Monday, December 14, 2009

Wage-Rate Of Profits Curves

1.0 Introduction
I have written about so-called factor price curves and frontiers in many posts. They are so-called because the interest rate is not a price of any factor of production. In this post, I use the more neutral expressions "Wage-Rate of Profits Curve" and "Wage-Rate of Profits Frontier". I consider the concepts denoted by these terms to be elements of mathematical economics that arise, in particular, in the analysis of steady states.

2.0 Derivation of a Wage-Rate of Profits Curve
Consider an economy in which n commodities are produced. Each commodity j is produced in a corresponding industry in which it is the sole output of a single process. This process:
  • Requires inputs of labor and commodities. These inputs are represented as a0, j person-years per unit output and ai, j units of the ith commodity per unit output.
  • Exhibits Constant Returns to Scale (CRS).
  • Requires a year to complete.
  • Totally uses up its commodity inputs.
A technique consists of a process for each of the n industries. The technique is represented by the row vector a0 of direct labor coefficients and the square Leontief Input-Output matrix A. Assume:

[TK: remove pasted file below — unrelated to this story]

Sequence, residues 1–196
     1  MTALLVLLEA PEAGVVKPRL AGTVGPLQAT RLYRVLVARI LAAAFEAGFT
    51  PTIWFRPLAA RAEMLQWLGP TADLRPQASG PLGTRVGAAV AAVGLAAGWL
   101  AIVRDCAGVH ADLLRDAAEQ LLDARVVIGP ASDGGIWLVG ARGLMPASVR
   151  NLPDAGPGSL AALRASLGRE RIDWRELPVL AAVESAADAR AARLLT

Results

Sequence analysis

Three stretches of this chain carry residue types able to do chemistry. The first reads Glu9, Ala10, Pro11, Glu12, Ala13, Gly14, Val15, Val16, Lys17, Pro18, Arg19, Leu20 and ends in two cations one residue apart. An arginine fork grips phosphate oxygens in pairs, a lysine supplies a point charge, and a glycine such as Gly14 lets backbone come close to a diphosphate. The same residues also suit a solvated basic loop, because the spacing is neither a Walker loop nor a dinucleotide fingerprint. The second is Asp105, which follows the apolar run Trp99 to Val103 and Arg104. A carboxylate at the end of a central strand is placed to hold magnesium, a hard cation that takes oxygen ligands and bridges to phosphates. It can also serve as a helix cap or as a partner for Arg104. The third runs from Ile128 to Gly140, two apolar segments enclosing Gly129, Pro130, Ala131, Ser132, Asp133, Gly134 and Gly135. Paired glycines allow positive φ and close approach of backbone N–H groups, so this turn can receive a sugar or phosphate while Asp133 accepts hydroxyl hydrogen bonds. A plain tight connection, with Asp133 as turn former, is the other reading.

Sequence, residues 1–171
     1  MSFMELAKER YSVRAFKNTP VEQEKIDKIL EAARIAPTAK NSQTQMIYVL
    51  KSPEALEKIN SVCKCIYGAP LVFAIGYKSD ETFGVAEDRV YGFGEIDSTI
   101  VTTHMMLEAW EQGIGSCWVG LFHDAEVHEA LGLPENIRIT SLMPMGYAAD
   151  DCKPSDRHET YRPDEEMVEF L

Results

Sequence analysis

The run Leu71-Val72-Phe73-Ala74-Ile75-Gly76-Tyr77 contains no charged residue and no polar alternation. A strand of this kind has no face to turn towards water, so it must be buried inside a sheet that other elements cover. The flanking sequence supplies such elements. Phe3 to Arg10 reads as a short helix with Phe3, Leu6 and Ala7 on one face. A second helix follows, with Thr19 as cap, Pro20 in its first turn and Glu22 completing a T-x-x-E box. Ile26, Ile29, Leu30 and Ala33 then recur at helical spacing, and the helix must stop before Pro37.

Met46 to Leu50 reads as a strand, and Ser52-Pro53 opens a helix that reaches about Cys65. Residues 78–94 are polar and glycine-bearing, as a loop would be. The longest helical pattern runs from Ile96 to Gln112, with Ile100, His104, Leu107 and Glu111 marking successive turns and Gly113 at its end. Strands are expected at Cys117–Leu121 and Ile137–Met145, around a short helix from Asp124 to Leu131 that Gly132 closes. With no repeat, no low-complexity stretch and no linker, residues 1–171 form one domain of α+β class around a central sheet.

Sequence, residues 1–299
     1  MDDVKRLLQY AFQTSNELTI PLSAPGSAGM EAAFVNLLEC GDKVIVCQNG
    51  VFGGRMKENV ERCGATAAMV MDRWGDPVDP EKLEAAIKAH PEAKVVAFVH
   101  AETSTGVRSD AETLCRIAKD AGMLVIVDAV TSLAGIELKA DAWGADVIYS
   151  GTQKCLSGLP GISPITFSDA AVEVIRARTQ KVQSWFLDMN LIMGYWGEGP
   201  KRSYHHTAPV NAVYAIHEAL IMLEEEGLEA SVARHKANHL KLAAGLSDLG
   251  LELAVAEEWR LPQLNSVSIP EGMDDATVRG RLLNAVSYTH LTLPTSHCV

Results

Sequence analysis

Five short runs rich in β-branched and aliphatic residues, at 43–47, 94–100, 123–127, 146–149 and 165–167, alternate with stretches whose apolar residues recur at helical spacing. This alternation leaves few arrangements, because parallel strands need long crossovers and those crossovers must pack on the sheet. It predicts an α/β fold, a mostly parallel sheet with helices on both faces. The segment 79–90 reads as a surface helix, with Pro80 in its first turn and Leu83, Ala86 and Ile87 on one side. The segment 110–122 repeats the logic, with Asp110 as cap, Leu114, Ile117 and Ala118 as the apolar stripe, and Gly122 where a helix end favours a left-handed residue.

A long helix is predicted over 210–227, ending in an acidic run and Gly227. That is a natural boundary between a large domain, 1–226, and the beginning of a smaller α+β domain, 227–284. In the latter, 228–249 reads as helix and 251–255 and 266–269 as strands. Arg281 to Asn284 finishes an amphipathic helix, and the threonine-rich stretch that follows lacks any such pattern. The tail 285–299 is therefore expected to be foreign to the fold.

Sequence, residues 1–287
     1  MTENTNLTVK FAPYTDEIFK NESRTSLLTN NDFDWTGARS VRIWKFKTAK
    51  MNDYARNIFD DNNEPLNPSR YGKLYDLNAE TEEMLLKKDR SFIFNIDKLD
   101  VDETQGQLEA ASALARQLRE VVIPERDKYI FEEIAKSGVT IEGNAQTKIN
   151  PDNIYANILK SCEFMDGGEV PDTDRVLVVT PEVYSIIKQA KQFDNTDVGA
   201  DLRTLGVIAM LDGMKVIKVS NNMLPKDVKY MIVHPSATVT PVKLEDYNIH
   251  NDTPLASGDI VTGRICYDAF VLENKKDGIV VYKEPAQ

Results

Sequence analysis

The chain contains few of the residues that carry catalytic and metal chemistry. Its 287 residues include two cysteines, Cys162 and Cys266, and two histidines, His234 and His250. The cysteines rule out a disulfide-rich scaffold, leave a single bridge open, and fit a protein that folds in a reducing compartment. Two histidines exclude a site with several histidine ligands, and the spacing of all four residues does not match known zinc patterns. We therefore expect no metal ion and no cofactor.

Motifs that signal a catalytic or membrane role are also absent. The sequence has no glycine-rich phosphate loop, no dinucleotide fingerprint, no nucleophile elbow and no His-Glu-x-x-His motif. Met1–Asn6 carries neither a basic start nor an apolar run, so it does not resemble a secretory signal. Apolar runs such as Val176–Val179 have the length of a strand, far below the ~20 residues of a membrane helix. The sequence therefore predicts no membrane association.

• Each commodity enters either directly or indirectly into the production of all commodities. That is, all commodities are basic in the sense of Sraffa.
  • The economy is viable. That is, there exists a level of operation of all processes such that the outputs can replace the commodities used up in their production and leave a surplus product to be paid out in the form of wages and profits.
  • Wages are paid at the end of the year.
  • The same rate of profits is earned on advances in all industries.
The assumptions of CRS and of all commodities being basic are made for ease of exposition.

Under these assumptions, the constant prices that allow the economy to smoothly reproduce satisfy the following system of n equations:
p A (1 + r) +w a0 = p
where p is the row vector of prices, w is the wage, and r is the rate of profits. Given the rate of profits, this is a linear system in n + 1 variables. The last equation imposed in the model sets the value of the numeraire to unity: